Bortezomib Improves Survival in Children With Newly Diagnosed T-LL, Study Results Show


Analysis of the trial show that intensifying the chemotherapy regimen allowed for elimination of radiation in 90% of pediatric patients with T-cell acute lymphoblastic leukemia.

Adding the proteasome inhibitor bortezomib to chemotherapy significantly improved overall survival in children and young adults with newly diagnosed T-cell lymphoblastic lymphoma (T-LL), according to the results of a study conducted by the Children’s Oncology Group (COG).

The phase 3 clinical trial, led by investigators at the Children’s Hospital of Philadelphia (CHOP), also found that radiation could be eliminated in 90% of children with T-cell acute lymphoblastic leukemia (T-ALL) when the chemotherapy regimen was intensified.

“The results of this trial have the potential to change the standard of care for patients with T-cell lymphoblastic lymphoma and T-cell acute lymphoblastic leukemia,” David Teachey, MD, director of Clinical Research at the Center for Childhood Cancer Research at CHOP, said in a statement. “The data show that most patients with T-ALL no longer need cranial radiation for cure and also suggest bortezomib should be considered as part of the new standard of care for newly diagnosed patients with T-cell lymphoblastic lymphoma.”

With treatment advancements, the overall survival (OS) for children with T-ALL and T-LL approximates that of B-cell acute lymphoblastic leukemia and B-cell lymphoblastic lymphoma, with a 5-year survival rate of approximately 85%, according to investigators.

However, less than 35% of individuals with relapsed T-ALL and T-LL survive. The COG trials aim to focus on different strategies to prevent relapse in newly diagnosed individuals. The strategies include introducing new drugs and treatments, intensifying chemotherapy, and refining risk stratification.

The outcomes of the COG phase 3 clinical trial AALL0434 showed that a majority of children with T-ALL received cranial radiotherapy (CRT), which can cause long-term adverse events, including brain tumors, neurocognitive decline, and second cancers.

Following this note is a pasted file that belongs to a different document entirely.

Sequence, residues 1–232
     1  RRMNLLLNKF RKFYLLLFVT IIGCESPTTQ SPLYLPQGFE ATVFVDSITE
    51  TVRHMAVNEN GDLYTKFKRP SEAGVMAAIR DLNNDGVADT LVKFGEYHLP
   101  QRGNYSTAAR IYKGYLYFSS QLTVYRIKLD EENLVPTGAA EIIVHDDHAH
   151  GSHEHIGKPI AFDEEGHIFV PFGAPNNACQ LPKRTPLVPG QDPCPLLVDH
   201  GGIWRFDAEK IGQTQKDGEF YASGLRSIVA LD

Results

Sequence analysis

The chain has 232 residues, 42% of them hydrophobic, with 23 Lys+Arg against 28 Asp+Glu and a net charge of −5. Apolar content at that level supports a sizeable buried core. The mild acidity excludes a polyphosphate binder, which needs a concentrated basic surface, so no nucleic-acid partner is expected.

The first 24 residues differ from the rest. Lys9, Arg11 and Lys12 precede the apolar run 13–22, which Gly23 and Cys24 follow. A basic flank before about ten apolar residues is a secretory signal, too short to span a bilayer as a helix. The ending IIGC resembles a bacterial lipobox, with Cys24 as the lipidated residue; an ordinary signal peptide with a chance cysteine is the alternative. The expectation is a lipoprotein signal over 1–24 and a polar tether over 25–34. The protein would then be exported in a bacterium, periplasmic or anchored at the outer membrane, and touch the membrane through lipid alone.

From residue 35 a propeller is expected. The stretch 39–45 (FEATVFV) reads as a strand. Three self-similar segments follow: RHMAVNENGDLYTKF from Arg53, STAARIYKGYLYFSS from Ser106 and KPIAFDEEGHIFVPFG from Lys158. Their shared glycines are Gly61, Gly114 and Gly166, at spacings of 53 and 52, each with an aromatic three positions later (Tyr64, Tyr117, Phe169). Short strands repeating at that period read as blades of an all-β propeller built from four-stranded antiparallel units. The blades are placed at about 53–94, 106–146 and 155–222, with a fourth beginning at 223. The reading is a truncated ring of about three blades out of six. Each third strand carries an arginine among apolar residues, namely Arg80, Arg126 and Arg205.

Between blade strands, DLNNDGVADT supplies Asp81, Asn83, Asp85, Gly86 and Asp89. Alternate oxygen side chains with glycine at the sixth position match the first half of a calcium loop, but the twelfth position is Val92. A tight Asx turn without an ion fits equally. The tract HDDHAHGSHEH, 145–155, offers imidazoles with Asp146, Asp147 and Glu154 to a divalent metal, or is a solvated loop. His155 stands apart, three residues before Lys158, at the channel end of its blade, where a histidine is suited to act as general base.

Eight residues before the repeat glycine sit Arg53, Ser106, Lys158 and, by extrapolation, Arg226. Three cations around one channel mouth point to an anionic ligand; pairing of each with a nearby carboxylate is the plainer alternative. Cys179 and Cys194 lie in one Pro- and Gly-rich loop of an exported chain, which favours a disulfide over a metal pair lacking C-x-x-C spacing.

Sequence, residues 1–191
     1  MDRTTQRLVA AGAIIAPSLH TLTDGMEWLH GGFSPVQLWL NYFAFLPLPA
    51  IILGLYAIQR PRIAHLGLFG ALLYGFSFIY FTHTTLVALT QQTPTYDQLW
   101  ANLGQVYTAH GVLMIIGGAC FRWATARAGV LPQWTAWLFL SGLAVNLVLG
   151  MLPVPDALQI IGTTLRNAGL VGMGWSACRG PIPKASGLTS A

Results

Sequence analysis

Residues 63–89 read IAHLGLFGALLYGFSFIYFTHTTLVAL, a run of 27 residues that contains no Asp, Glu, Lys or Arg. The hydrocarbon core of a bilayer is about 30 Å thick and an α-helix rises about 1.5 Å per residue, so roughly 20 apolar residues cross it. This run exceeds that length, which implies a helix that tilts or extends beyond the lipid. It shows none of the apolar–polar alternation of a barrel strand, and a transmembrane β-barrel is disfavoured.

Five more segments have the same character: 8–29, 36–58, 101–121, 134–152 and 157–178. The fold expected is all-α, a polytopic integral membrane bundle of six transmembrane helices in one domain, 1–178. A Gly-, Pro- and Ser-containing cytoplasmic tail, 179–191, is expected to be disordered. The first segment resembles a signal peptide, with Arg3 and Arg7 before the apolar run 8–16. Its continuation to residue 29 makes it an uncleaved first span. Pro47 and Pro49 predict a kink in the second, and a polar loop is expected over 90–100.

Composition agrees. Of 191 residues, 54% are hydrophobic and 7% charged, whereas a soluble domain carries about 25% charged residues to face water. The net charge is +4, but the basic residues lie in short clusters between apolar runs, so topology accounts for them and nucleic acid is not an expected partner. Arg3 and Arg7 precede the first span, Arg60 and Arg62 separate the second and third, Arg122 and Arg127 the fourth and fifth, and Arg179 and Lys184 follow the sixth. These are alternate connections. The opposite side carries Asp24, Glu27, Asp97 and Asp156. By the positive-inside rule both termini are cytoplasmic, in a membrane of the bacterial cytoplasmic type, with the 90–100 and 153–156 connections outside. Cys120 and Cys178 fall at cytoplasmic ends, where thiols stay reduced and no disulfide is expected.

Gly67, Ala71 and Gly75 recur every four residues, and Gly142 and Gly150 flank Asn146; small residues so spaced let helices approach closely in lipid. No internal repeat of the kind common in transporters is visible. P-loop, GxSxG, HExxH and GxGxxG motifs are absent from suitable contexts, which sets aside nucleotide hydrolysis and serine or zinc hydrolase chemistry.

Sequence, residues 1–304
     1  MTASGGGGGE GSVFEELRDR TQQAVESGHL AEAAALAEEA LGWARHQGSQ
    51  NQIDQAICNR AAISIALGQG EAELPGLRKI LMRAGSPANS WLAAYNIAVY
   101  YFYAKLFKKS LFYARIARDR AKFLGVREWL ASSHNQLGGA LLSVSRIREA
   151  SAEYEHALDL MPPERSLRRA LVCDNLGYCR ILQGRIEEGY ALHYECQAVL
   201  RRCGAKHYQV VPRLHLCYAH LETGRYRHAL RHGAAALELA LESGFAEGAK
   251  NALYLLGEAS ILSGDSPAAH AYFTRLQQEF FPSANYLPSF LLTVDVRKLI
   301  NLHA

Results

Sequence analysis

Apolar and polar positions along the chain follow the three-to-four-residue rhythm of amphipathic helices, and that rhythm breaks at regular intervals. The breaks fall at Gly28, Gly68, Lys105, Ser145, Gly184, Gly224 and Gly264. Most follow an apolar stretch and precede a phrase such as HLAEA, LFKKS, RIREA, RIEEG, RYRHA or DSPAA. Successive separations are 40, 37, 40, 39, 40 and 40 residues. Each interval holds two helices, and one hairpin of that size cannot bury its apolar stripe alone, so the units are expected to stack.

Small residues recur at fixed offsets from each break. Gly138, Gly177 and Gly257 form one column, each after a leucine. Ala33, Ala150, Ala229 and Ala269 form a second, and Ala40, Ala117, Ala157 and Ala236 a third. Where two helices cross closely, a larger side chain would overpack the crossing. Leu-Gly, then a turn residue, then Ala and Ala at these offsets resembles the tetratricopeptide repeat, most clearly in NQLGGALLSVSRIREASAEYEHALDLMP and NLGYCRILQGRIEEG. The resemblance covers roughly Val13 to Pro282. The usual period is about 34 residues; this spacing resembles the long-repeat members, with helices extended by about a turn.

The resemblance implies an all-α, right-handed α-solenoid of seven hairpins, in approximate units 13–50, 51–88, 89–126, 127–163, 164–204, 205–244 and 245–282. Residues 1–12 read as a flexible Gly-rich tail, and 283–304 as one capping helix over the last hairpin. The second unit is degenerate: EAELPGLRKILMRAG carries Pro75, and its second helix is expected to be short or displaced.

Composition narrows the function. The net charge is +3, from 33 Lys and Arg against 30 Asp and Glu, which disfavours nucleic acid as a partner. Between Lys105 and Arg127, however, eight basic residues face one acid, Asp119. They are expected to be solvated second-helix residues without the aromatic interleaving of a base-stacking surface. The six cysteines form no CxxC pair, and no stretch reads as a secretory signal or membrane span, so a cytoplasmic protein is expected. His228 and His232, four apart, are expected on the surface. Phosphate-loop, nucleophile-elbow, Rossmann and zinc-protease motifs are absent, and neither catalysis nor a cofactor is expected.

Investigators modified the treatment further during the trial by using the steroid dexamethasone instead of prednisone during chemotherapy and adding 2 extra doses of pegaspargase, with a goal of eliminating CRT in most individuals with T-ALL.

Of the 824 individuals enrolled in the trial between 2014 and 2017, about half also received proteosome inhibitor bortezomib, which was based on string preclinical data for its use in relapsed T-ALL and T-LL.

Investigators found that, for individuals with T-LL, the 4-year event-free survival and OS improved significantly for those on bortezomib plus chemotherapy compared with chemotherapy alone, at 86.4% and 89.5% in the bortezomib group compared with 76.5% and 78.3% in the chemotherapy group, respectively.

They did not observe any excess toxicity with bortezomib.

“Before this study, the only drugs that have improved survival for newly diagnosed T-ALL/T-LL patients have been cytotoxic chemotherapeutics. The success of bortezomib in this trial could potentially change the approach to frontline treatment of T-LL,” Stephen Hunger, MD, chief of the Division of Oncology and director of the Center for Childhood Cancer Research, said in the statement.

Although the overall outcomes in individuals with T-ALL did not statistically significantly improve with bortezomib, the investigators were able to eliminate CRT in almost all individuals with T-ALL on bortezomib and still achieve excellent outcomes for most individuals.

About 90.8% of individuals with T-ALL in the earlier trial received CRT, while less than 10% of those in the new trial received it. However, those who did not receive CRT had no statistical differences in outcomes.


CHOP-led study finds bortezomib improves survival in children with newly diagnosed T-cell lymphoblastic lymphoma. EurekAlert. News release. March 10, 2022. Accessed March 15, 2022.

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